Did you just get a Chromebook, and excited to get mapping with it? You can run JOSM on Chromebook with a little bit of effort. This guide was written for ChromeOS 74.0.3729.159 and up and relies on the Debian Stretch 9 emulator Crostini. As you’re entering these commands, you can copy and paste them from the website to the Debian terminal by using a right click (or Alt + Click if you don’t have an external mouse connected)
Open the Settings app, and search for Linux. Click “Turn On” to enable Linux support. On the popup installer, click Install. Sit back and wait. When the installation is complete, a Debian Linux shell terminal will automatically open.
This command adds the JOSM repository to the sources list.
echo deb https://josm.openstreetmap.de/apt alldist universe | sudo tee -a /etc/apt/sources.list
Download and register the OpenStreetMap public key.
wget -q https://josm.openstreetmap.de/josm-apt.key -O- | sudo apt-key add -
This will query updates to all packages, and install josm afterwards. This will take quite some time. Go grab a coffee.
sudo apt update ; sudo apt install josm
Open up JOSM within the App Folder “Linux Apps” from the launcher. It’s possible that JOSM could have too small a font to read on your screen. The fix is to install Java 11 and use UIScaling to render the applet with a larger font. If you wish to fix this and give JOSM a larger font, follow the next steps:
Debian Stretch doesn’t come with Java JDK 11 by default, but we can enable it by adding the backports software repository.
UIScaling is only compatible with JDK 11, not the default JDK 8. We need to upgrade. Enter this command:
sudo apt install openjdk-11-jdk
We want to make sure JOSM is configuring itself to use JDK 11 instead of 8. Reinstall it.
sudo apt remove josm ; sudo apt install josm
We need to inject the UI Scaling parameters into the launcher tile. The best way to do this is with the command line text editor nano, but you can use whichever editor you are most familiar with.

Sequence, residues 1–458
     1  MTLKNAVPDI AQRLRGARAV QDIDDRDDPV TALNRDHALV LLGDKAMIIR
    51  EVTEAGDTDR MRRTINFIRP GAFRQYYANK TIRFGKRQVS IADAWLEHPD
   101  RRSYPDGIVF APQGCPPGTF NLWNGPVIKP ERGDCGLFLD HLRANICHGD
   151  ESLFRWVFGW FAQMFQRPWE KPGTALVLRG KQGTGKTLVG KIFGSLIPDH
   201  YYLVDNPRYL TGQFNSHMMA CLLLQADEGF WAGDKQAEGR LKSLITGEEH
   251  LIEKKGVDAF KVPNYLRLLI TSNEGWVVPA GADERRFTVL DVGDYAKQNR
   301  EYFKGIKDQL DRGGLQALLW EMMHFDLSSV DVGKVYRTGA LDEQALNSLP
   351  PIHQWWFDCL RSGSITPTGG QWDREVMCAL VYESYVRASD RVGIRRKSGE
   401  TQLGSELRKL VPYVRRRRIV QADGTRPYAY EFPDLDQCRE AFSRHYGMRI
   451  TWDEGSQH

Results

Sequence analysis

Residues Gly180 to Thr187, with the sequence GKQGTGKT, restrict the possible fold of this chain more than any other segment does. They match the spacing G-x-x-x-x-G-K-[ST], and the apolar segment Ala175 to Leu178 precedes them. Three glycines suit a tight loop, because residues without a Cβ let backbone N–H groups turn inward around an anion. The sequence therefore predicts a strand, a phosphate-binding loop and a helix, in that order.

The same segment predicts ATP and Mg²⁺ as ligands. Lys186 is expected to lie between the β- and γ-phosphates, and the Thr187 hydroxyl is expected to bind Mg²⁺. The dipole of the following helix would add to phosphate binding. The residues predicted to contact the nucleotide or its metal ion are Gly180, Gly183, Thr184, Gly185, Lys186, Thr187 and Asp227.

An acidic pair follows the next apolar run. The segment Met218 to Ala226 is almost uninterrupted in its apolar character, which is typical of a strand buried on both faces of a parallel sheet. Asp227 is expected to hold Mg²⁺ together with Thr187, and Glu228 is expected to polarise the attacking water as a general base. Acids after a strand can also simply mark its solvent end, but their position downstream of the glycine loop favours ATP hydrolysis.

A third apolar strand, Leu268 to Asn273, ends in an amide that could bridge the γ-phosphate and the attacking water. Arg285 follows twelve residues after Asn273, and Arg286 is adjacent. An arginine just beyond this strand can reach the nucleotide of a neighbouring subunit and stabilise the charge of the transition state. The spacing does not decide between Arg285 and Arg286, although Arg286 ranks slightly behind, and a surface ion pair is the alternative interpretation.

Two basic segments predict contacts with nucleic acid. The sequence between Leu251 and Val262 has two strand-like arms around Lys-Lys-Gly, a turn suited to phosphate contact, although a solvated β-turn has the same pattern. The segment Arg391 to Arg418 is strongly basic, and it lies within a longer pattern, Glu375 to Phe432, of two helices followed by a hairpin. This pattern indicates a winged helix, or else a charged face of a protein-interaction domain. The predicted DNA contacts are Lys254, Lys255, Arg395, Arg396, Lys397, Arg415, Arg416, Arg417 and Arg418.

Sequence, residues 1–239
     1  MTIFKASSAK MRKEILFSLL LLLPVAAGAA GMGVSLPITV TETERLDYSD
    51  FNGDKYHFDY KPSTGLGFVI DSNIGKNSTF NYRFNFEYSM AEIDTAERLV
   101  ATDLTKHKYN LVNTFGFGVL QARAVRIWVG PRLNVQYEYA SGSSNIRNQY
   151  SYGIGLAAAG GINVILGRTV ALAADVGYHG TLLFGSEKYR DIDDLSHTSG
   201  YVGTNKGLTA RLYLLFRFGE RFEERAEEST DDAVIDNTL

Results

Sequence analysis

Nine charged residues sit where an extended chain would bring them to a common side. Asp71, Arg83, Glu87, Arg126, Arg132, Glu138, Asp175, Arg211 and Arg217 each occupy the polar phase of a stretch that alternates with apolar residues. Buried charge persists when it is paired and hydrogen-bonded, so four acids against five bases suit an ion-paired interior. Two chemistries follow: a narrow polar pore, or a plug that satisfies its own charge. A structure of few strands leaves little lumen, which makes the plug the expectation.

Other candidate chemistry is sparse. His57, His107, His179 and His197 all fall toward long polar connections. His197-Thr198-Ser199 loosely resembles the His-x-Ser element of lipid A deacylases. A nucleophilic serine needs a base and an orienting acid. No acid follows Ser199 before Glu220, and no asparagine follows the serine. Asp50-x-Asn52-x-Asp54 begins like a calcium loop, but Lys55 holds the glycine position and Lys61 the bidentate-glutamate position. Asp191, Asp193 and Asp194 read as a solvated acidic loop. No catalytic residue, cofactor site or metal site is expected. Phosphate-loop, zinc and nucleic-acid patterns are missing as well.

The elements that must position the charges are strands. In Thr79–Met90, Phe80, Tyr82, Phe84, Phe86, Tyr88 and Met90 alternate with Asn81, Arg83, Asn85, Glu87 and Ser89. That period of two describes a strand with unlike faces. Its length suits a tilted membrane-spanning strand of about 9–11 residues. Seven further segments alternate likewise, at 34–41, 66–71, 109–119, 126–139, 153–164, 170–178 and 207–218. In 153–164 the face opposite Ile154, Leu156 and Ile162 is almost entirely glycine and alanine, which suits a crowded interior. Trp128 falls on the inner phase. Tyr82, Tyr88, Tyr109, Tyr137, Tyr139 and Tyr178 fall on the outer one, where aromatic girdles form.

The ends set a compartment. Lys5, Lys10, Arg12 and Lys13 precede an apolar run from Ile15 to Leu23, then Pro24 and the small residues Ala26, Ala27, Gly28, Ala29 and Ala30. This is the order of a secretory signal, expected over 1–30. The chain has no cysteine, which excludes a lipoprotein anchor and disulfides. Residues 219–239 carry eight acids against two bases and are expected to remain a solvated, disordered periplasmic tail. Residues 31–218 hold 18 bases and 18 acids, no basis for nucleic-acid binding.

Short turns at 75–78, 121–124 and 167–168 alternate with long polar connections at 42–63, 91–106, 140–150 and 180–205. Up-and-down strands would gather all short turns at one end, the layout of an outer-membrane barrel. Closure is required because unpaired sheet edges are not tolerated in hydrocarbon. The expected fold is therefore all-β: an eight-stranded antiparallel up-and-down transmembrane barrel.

sudo apt install nano
Once nano is installed, use the command sudo nano /usr/bin/josm
Navigate to line 27, and you should see this option:
JAVA_OPTS=”-Djosm.restart=true -Djava.net.useSystemProxies=true $JAVA_OPTS”
Edit this line to state the following:
JAVA_OPTS=”-Dsun.java2d.uiScale=2.0 -Djosm.restart=true -Djava.net.useSystemProxies=true $JAVA_OPTS”
Comment from SomeoneElse on 27 June 2019 at 15:32
Thanks for this. It’s always good to have an alternative to doing things via a Linux GUI and “crouton” on a Chromebook. Chromebooks are surprisingly capable for the money, and if you don’t want to use the Google stuff, you don’t have to. You’ve also got the option of keeping all the data (or software) you care about on an external USB stick and just putting that in your pocket when you’re worried that the PC might get stolen.
(one minor note - an extra space has crept into “/etc/apt/sourc es.list”).
Comment from CjMalone on 21 October 2021 at 17:42
Someone just found this, and asked me for help with it. This is a bit outdated and doesn’t work with Debian buster.
The quickest solution was just to use the one in the Debian repos. It might be a bit outdated, but it works.